I have a USB stick contaning a number of ISO images that uses Grub to boot into whichever one is selcted from its menu. One of these ISOs is Tails.

Part of the USB stick is partitioned as a persistent volume that Tails recognises when booted from the ISO. I have not used it much but first impressions are that it works fine.

I also tried a persistent volume on a separate USB stick and that also worked fine.

Now I am aware that the Tails website suggests that

It is only possible to create a persistent volume if the device, USB stick or SD card, was installed using Tails Installer.

However, my experience shows that it works fine with an ISO. Sure, Tails won't create a persistent volume when booted from an ISO, but it will use one that it finds on a conected storage device.

So I want to ask whether there are any reasons to recommend against using an ISO image and persistent volume in this way.

(Tails version 2.6)

Same thing - at the end, whoever created a kernel-recognizable persistent volume - it's just mounted and used. No difference at all in any matters.

up vote 0 down vote accepted

It is fine to use an ISO image and persistent volume in the way the question describes. However, You can create persistent volumes on any device but Tails won't do it for you and such configurations aren't supported.

Tails persistent volumes can go on any device. From the persistence design documentation:

the underlying tools will support storage on whatever relevant device


brave and advanced users can prepare their store their persistent data wherever they want


this is not something we will actively support and document beyond the bare minimum (--help and manpage)

How to create a persistent volume

  1. Create a partition named TailsData (this is how Tails recognises a persistent partition);
  2. Create a LUKS volume on the partition: cryptsetup luksFormat ...;
  3. Create a EXT4 filesystem in the LUKS volume mkfs.ext4 ...;
  4. Mount the filesystem (e.g. on /mnt);
  5. Set ACLS on the root directory: setfacl -m user:115:rwx,group::rwx,mask::rwx /mnt;
  6. Create file /mnt/persistence.conf with mode 600 and ownership 155:122, with contents as descrbed below.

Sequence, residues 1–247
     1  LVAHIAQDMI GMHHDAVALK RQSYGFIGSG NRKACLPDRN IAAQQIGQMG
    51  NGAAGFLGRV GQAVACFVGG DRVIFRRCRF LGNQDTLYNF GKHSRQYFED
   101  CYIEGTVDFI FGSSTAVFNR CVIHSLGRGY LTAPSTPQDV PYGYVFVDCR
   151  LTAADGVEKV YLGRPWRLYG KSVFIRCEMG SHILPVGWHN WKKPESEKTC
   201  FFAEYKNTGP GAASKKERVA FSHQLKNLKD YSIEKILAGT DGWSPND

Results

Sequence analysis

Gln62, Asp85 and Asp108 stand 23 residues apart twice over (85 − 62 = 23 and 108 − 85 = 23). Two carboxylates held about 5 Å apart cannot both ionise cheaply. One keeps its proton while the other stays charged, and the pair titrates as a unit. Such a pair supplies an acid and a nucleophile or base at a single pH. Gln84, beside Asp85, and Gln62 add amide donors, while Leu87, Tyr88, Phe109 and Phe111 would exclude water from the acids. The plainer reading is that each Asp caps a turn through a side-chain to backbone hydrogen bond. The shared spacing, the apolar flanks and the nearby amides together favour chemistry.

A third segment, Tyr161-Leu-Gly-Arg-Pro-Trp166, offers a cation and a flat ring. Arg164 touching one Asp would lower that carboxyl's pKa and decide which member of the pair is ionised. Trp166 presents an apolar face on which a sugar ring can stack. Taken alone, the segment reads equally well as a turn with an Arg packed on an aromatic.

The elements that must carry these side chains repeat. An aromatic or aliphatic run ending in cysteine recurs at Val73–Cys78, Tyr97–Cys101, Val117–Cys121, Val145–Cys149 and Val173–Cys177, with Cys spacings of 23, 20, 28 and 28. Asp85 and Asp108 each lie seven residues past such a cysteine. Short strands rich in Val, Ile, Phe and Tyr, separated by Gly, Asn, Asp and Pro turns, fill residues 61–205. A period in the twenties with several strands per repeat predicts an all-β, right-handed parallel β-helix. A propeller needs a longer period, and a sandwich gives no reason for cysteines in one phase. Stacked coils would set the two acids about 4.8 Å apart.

Tails uses the persistence.conf file to mount diretories on the persistent volume onto the filesystem. For example, the line

/home/amnesia/Persistent source=Persistent

makes the Persistent directory on the persistent volume available as the /home/amnesia/Persistent directory. When Tails creates this file. the whitespace between the two parts is a tab, however a space also works.

A more complete example persistence.conf is shown below:

/home/amnesia/Persistent source=Persistent
/home/amnesia/.gnupg source=gnupg
/home/amnesia/.ssh source=openssh-client
/home/amnesia/.purple source=pidgin
/home/amnesia/.claws-mail source=claws-mail
/home/amnesia/.gnome2/keyrings source=gnome-keyrings
/home/amnesia/.mozilla/firefox/bookmarks source=bookmarks
/etc/cups source=cups-configuration
/home/amnesia/.icedove source=icedove

An example

Given the GPT partition /dev/sdj3, as root :

# cryptsetup luksFormat /dev/sdj3
# cryptsetup open /dev/sdj3 tailsdata
# mkfs.ext4 /dev/mapper/tailsdata
# mount /dev/mapper/tailsdata /mnt
# echo '/home/amnesia/Persistent source=Persistent' > /mnt/persistence.conf
# chown 115:122 /mnt/persistence.conf
# chmod 600 /mnt/persistence.conf
# setfacl -m user:115:rwx,group::rwx,mask::rwx /mnt
# umount /mnt
# cryptsetup close tailsdata

It is important to set the permissions (chown, chmod and setfacl) correctly otherwise Tails will disable persistence.

Tails will create the directories defined in persistence.conf. If you want to precreate them set their ownership appropriately (1000:1000 for content beneath /home/amnesia; as appropriate for other directories).

Tails will also create an empty file called live-additional-software.conf. This is an optional file that allows additional packages to be installed from the persistent volume. See here for more information about this.

When mounted, the root of the persistent volume is at /live/persistence/TailsData_unlocked.

Further reading:

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